The OTS has also published a scoping document for its newly announced ‘Property Income Review’. The primary focus of the review will be to identify opportunities for simplification of the tax and administrative treatment of individuals, partnerships and micro companies deriving income from residential property. The review will consider the current regimes for the taxation of residential property, including Capital Gains Tax (CGT) aspects, and develop recommendations for simplification and ways of addressing distortions. According to the scoping document, some of the topics to be considered will include: (i) the way that the taxation of property income fits into the overall scheme of income tax; (ii) the differences between the rules for residential lettings generally and those applying to Furnished Holiday Lettings (FHLs); (iii) reliefs and exemptions, including CGT aspects, and whether the way they operate meets the policy intent; (iv) income received from property in the UK (including by individuals living abroad); and (v) income from property overseas (including definition of qualifying EEA property in relation to FHL). The announcement adds that the OTS will publish an associated call for evidence and online survey in the near future.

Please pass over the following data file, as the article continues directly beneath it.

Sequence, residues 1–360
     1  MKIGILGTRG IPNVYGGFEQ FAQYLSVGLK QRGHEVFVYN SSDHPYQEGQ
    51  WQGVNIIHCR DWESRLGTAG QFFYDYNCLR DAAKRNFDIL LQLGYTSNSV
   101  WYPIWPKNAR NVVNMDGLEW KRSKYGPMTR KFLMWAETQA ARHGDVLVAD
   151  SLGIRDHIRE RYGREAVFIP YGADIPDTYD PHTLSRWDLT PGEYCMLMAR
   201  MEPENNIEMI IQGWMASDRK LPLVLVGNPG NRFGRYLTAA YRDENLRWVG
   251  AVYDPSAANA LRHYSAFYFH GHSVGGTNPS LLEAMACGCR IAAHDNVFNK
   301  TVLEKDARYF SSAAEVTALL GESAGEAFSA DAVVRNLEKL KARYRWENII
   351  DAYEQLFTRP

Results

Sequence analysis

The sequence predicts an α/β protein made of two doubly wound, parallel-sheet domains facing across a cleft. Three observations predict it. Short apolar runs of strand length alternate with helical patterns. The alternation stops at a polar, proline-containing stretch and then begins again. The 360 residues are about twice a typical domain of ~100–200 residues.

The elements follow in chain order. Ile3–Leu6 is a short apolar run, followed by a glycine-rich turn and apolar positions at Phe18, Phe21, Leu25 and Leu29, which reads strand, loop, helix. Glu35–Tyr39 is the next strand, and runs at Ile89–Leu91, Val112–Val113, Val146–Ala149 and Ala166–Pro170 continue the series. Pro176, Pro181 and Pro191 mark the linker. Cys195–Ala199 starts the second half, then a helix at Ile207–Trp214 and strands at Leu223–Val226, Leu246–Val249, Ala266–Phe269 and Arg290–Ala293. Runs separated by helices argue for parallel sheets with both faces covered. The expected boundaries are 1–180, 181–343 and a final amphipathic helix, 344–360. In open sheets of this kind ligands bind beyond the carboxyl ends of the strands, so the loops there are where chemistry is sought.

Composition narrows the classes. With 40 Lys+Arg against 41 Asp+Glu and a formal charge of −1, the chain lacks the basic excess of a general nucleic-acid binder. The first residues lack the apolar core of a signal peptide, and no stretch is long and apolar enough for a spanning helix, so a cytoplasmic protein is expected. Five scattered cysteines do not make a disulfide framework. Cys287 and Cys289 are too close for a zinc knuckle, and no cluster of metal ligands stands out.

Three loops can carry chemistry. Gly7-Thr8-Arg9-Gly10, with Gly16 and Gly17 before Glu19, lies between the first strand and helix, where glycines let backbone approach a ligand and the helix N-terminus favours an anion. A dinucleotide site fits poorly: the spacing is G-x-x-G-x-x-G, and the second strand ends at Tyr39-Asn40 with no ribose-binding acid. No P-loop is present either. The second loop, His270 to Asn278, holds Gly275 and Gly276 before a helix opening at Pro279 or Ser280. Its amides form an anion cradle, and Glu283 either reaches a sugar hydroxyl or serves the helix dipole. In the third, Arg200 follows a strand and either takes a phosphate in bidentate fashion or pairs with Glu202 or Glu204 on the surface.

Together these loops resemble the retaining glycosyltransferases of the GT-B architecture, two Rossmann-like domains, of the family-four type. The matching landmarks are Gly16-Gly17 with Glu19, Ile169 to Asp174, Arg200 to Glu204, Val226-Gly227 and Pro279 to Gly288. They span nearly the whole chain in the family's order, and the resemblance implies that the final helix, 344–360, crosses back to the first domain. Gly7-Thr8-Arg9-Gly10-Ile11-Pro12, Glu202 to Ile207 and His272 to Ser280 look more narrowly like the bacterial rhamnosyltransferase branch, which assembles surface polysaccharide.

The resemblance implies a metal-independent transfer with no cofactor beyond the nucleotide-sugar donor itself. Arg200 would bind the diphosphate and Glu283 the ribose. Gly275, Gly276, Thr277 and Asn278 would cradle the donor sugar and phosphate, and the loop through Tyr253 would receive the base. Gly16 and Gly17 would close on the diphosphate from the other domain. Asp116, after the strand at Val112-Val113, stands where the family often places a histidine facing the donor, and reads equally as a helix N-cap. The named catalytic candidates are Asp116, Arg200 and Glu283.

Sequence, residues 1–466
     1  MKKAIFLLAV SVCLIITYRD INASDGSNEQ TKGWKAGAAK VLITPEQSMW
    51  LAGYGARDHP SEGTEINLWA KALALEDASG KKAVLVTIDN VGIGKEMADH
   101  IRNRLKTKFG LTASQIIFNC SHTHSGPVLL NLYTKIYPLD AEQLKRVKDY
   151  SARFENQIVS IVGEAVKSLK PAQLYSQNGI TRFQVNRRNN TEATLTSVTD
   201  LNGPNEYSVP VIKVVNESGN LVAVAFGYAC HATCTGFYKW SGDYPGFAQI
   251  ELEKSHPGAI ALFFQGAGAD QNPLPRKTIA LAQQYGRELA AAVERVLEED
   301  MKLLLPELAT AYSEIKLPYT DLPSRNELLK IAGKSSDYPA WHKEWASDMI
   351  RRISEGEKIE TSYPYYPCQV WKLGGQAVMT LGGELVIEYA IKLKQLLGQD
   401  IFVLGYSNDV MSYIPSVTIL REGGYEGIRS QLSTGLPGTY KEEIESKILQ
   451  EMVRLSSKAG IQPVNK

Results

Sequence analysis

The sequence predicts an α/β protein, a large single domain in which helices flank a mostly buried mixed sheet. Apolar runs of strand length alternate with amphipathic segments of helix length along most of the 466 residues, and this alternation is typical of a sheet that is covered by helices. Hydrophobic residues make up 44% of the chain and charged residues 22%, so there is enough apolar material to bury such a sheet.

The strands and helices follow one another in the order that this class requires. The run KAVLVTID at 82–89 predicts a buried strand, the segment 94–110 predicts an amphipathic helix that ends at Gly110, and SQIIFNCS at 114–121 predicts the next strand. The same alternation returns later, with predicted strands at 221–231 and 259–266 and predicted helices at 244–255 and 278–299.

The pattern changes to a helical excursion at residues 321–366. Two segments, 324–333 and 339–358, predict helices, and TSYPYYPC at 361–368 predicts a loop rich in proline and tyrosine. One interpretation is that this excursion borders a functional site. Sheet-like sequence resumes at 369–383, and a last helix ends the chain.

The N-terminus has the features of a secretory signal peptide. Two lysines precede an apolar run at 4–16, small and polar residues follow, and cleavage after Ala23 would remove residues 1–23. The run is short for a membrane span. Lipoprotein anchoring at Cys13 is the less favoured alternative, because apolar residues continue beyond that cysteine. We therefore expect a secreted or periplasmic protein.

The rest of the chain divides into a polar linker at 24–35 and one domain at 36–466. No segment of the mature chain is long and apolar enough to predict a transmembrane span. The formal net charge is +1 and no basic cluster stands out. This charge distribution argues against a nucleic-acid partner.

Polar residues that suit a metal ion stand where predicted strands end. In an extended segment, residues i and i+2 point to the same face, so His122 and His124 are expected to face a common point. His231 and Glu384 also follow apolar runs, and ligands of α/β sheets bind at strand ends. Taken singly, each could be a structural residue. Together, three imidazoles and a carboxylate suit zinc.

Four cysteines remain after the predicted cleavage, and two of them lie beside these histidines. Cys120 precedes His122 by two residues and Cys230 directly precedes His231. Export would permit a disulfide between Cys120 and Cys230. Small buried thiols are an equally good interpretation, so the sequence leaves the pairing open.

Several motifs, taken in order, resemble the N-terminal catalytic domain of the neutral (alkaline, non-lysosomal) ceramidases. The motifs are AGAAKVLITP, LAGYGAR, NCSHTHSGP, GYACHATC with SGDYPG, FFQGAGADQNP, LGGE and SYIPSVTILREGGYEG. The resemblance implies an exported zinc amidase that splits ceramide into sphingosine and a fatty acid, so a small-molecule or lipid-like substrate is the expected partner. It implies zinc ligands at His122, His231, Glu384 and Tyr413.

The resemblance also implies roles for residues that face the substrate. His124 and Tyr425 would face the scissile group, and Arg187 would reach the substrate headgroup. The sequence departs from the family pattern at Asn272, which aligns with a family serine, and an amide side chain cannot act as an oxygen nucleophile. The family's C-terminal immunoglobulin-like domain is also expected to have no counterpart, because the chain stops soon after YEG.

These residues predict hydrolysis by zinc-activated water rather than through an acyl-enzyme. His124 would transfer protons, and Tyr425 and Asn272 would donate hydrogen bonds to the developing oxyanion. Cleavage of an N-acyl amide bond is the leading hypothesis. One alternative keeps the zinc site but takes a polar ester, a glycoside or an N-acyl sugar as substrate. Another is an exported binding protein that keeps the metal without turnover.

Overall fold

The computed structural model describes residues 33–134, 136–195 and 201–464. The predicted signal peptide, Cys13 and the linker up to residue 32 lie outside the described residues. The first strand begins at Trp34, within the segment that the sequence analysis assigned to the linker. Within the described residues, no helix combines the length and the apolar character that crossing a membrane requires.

The OTS has published an evaluation paper on the PAYE aspects of two of its recent reports – the simplifying everyday tax for smaller businesses report and the taxation of life events report. The OTS considers that the key priority for HMRC and the Government is to ensure that there is the commitment and funding in place to: (i) sustain continuous improvement and development of the PAYE system; and (ii) enable the effective operation of the Single Customer Account in relation to PAYE as well as other areas of tax.
Mandatory gender pay gap (GPG) reporting was introduced in 2017 with the aim of narrowing and eventually eliminating the pay differential between men and women. At first glance the reporting regime appears to have had a limited but positive impact, with the GPG among full-time employees dropping from 9.1 percent in 2017 to 7.9 percent in 2021, and from 18.4 percent to 15.4 percent for all employees over the same period. Donna Sharp, Partner, KPMG Law in the UK comments on how much gender pay reporting has changed in the last five years and asks where we go from here.
The EU’s Capital Requirements Directive IV (CRD IV) established a complex regulatory regime and covers remuneration policies and practices for all members of staff. This includes staff members whose professional activities have a material impact on the credit institutions’ risk profile and who are called Identified Staff or Material Risk Takers. The rules around remuneration aim to drive positive behaviour that aligns individual reward with sound and effective risk management and the long-term growth of the firm, discouraging risk-taking that exceeds tolerated risk levels. Eloise Knapton, Head of Employer Reward Services at KPMG in the UK discusses changes to the rules on variable remuneration in a recent blog post.